Doctors of Tomorrow get a taste of medical school


Doctors of Tomorrow’s Archele Jeannis, Josie Richard and Megan Vidal look over a specimen in the anatomy lab.

 

Inside the frigid anatomy lab at the Herbert Wertheim College of Medicine all eyes are on a two-inch crescent-shaped fleshy blob sitting in the middle of a metal table.

“I have no clue,” admits biology major Chabeli Alech. “I think it’s part of the intestine.” Nope, it’s an adrenal gland. At another table, a thigh bone (femur) gets confused for an arm bone (humerus), but a third table guesses correctly that a flat, triangular bone is a scapula (shoulder blade).

The anatomy guessing game is one of the popular highlights of the college of medicine’s Doctors of Tomorrow pipeline program. The annual summer program targets pre-med students from groups underrepresented in medicine: minorities (African American, Hispanic, Native American), first generation in college, and low socioeconomic status.

Alech is one of 27 pre-med students, including 13 FIU undergrads, taking part this year.  She’s looking forward to learning tips on how to apply to medical school and how to study for the MCAT. “I want to be a pediatric oncologist,” she says.

The college of medicine created the program eight years ago to address the need for a diverse workforce in the medical field.

“Our population is very diverse and studies show that health care providers who are also from diverse backgrounds have a better understanding and relate better to their patients, “says Barbra Roller, assistant dean for Academic Affairs.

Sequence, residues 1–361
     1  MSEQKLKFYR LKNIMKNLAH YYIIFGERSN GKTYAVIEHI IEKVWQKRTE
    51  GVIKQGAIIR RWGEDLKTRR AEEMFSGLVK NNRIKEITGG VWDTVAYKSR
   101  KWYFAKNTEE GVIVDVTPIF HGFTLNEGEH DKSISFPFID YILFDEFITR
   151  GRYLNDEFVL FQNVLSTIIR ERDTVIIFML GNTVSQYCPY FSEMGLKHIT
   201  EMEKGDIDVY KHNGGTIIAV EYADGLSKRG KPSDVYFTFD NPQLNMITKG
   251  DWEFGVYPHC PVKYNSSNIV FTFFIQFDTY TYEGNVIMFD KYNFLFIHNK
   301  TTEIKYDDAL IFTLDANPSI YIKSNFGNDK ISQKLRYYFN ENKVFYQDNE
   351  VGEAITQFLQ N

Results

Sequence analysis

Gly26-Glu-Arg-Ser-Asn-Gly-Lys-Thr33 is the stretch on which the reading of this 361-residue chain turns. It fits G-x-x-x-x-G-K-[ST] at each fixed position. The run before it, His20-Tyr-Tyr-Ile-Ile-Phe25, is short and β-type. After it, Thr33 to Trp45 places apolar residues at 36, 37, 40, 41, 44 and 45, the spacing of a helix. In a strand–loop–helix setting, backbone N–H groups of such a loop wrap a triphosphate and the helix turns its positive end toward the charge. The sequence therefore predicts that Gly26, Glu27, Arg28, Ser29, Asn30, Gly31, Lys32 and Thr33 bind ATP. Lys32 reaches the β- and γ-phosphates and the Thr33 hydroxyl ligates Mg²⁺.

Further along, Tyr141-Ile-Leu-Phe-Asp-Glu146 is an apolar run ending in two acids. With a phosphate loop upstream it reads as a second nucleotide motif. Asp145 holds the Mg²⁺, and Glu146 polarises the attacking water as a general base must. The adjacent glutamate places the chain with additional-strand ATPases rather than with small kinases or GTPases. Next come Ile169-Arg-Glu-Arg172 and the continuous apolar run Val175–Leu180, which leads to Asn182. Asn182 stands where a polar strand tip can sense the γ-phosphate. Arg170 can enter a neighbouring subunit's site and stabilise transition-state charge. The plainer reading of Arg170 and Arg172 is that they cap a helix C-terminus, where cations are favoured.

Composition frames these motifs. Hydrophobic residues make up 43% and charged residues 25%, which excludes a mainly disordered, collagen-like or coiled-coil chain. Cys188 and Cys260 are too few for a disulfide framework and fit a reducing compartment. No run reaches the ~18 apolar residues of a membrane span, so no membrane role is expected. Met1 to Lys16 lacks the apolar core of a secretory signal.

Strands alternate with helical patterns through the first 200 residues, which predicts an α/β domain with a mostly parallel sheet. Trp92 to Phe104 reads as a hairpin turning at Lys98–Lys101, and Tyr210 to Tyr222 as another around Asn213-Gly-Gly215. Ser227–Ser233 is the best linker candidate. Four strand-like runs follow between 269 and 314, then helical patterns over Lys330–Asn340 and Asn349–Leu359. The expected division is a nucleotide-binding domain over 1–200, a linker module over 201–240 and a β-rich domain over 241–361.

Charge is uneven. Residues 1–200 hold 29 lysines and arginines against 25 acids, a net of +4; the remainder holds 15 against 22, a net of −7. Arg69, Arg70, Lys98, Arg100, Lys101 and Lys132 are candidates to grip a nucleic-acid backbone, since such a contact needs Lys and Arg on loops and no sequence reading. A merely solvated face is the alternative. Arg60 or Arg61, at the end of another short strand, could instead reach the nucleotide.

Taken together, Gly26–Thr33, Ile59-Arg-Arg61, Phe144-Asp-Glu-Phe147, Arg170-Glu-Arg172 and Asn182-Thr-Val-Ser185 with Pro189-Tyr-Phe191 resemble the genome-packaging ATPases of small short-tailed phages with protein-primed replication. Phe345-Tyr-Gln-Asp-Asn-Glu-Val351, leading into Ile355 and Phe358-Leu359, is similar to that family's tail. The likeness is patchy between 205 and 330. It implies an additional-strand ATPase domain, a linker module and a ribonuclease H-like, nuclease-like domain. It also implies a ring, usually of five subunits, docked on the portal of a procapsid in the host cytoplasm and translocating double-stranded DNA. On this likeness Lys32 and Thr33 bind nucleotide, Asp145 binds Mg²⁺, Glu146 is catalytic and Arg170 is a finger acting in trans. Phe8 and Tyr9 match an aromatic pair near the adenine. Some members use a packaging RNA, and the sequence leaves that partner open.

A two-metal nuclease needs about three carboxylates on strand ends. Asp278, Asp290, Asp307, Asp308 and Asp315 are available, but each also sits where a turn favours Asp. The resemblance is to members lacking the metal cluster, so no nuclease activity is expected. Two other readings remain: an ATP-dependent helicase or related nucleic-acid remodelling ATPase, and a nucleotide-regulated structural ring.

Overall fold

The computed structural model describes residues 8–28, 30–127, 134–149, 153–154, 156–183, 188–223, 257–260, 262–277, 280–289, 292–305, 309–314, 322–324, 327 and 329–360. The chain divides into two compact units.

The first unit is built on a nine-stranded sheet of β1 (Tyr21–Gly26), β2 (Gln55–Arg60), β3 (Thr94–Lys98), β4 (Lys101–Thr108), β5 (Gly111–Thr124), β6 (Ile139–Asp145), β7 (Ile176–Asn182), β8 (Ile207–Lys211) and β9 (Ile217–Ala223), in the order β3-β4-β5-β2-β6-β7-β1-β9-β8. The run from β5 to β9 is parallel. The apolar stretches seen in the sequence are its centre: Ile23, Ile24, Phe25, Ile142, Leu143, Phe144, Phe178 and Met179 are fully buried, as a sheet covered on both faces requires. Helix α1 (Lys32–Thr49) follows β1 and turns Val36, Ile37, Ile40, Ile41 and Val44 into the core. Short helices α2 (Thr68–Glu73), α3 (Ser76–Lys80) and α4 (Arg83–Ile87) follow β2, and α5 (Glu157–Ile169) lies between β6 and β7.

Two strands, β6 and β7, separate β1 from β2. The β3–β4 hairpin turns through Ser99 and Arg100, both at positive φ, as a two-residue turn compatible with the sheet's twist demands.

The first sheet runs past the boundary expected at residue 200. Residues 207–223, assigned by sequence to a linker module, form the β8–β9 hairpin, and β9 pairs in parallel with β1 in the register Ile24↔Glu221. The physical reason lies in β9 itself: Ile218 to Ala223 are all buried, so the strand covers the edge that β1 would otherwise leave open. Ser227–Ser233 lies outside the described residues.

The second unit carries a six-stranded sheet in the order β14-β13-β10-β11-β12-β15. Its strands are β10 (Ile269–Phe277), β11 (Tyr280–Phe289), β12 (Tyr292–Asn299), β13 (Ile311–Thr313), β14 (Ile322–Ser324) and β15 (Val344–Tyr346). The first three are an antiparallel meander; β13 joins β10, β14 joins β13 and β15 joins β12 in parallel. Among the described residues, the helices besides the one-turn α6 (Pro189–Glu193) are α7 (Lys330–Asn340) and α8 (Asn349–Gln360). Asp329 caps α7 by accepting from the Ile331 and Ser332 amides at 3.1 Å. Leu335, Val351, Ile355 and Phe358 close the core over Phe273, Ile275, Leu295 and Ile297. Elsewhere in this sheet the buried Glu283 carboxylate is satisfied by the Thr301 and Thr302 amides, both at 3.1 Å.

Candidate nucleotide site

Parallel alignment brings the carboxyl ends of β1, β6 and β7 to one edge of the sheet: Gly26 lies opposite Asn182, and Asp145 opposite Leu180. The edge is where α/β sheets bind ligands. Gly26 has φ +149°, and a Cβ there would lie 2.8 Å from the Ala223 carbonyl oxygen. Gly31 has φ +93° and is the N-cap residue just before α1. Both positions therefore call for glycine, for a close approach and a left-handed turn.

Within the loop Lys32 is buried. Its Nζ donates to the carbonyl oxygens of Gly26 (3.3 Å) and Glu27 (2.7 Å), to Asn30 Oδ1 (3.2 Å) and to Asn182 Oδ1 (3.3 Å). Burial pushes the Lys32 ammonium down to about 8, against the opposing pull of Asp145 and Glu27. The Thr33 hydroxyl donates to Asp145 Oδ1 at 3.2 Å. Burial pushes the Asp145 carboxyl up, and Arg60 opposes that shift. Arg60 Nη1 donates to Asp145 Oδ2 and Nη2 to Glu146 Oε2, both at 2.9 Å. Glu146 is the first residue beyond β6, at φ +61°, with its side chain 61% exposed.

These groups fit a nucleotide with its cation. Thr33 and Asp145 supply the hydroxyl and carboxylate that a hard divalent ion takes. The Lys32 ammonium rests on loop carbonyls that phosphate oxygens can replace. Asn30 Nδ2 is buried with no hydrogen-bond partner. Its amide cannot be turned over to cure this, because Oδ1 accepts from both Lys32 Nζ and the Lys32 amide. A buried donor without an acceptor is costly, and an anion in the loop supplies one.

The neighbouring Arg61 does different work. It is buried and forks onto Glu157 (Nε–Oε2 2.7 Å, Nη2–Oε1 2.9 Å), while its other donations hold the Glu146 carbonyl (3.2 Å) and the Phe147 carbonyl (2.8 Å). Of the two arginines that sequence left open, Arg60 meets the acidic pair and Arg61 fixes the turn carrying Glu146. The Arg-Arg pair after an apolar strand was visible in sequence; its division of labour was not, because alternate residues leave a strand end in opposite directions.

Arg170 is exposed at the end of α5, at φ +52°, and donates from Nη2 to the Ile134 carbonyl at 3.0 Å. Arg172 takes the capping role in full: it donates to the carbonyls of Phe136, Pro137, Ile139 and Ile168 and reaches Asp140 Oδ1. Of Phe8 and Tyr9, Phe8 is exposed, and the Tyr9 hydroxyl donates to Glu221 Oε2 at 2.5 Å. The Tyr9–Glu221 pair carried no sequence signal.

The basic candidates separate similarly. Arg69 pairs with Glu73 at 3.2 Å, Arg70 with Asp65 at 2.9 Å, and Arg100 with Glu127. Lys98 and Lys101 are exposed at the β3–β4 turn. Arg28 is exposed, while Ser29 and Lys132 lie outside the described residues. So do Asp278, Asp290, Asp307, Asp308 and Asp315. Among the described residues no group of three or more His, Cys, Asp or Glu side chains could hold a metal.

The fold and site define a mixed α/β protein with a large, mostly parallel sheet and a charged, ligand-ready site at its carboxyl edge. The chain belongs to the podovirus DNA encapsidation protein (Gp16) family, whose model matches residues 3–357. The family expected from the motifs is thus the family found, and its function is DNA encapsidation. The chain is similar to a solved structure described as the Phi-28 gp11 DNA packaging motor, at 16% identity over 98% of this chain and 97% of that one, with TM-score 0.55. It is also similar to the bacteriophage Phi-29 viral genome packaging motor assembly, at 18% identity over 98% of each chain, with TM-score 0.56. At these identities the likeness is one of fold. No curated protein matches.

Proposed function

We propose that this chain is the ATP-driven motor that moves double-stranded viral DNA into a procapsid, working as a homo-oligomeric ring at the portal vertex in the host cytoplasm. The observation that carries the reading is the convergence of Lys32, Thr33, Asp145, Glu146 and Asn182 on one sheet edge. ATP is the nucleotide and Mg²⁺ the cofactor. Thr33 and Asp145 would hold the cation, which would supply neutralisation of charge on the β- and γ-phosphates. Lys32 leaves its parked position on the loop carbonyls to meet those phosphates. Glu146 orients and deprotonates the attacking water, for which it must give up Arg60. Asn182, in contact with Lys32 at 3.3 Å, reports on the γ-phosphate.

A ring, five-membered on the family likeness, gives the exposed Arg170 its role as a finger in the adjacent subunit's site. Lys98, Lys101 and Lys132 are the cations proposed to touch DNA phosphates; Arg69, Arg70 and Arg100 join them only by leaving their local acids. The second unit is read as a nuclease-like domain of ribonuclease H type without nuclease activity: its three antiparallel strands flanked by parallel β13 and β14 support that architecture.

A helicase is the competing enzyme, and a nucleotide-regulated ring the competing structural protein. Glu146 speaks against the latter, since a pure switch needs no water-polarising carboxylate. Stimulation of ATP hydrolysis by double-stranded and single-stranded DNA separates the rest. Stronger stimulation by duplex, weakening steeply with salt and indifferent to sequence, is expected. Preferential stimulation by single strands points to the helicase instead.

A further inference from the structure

For a week, participants get to live on campus and get a feel for what it’s like to be a medical student by visiting the college’s anatomy, simulation and research labs. They also learn how to prepare for and navigate the complicated process of applying for medical school.

Josie Richard was in high school when her little brother was diagnosed with kidney cancer. She says seeing how the medical staff helped him inspired her to become a doctor. “It lit a fire under me to want to help someone else in the same situation.”

Richard, who just earned her associate’s degree in biology and starts at FIU in the fall, feels the Doctors of Tomorrow program will help make her a more competitive medical school applicant. “So far I have learned a lot. I have gained so much. This is an amazing program,” she says.

Funding for Doctors of Tomorrow is provided by Florida Blue.